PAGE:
Intel has discovered a flaw in its recently launched chipsets which can preclude a system from starting up normally.
A spokeman confirmed that the company will recall a certain amount of those chipsets from system suppliers and channel partners.
The 915 G/P and 925X chipsets, formerly known as Grantsdale and Alderwood, have a flaw in the I/O controller on the chipsets that can prevent a PC from starting normally, said Howard High, an Intel spokesman.
A chipset is the circuitry that connects a processor to the rest of the computer, such as the memory and I/O. Intel's latest chipsets incorporate a number of features which are expected to improve performance over the next several months, including the PCI Express interconnect technology and support for DDR2 memory.
Chips are built in layers, with circuits added on top other circuits. During the manufacturing process, a thin insulating film is applied to each layer before the next layer is built so signals do not leak between levels.
At certain points on the chip, that insulating film is removed to allow the layers to communicate with one another. However, the insulating film on some of Intel's chipsets was not completely removed from one particular area.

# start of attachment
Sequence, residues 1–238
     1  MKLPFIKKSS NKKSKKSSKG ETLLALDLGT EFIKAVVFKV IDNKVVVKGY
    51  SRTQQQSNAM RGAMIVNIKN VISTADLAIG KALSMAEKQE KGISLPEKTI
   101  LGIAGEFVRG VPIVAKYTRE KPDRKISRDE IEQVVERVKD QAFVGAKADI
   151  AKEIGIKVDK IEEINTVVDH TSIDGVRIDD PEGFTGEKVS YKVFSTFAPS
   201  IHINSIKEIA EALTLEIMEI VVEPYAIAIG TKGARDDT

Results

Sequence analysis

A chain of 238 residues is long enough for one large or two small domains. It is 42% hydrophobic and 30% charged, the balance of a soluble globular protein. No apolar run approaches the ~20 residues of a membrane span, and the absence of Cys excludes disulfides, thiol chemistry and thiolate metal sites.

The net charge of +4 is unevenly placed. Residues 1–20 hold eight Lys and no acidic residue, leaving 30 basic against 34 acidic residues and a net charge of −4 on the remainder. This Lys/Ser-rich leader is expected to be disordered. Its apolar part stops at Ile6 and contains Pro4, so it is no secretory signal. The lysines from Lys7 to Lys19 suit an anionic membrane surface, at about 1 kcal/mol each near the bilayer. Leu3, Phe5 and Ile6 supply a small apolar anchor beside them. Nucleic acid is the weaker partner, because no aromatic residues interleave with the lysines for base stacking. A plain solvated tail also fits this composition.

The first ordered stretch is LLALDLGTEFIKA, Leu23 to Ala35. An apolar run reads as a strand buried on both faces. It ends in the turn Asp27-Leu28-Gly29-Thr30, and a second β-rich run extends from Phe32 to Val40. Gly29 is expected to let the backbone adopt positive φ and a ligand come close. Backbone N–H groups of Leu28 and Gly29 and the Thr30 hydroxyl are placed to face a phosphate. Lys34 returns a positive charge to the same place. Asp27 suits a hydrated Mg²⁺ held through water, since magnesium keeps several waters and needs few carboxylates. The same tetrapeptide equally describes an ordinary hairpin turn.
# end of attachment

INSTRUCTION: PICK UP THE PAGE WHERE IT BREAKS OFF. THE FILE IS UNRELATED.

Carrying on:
The film is partially blocking one of the connection points and is not allowing signals to cleanly travel between levels. This can cause the system to hang or fail during the startup process, High said.
The problem only affected a certain portion of Intel's chipset shipments because it was a manufacturing error, and not a design flaw, High added.
Intel has not disclosed the number of shipments affected, but said the bad parts were shipped to system suppliers before the official launch, and the company believed that very few chipsets actually reached end users.
Intel has identified the particular chipsets containing the flaw, and is working with PC suppliers and resellers to remove those chipsets from circulation.
Customers interested in buying PCs from Hewlett-Packard and Dell based on Intel's chipsets will have to wait for several days, according to their websites. HP's m1000 series Media Center PC went on sale this week, but later informed customers the new PC would not ship until at least 6 July.
Dell's Dimension 8400 will also ship in July. That particular system will take 15 days to build, compared with the three days it takes Dell to build a Dimension 2400 based on older technology.
Advanced Micro Devices also reported a bug in its Opteron server processor that could cause a server to fail.
However, AMD's bug was caused by testers in AMD's lab running synthetic software instructions that only occur in very rare cases. The company is planning to work with server suppliers and Bios companies to distribute a work-around.
Tom Krazit writes for IDG News Service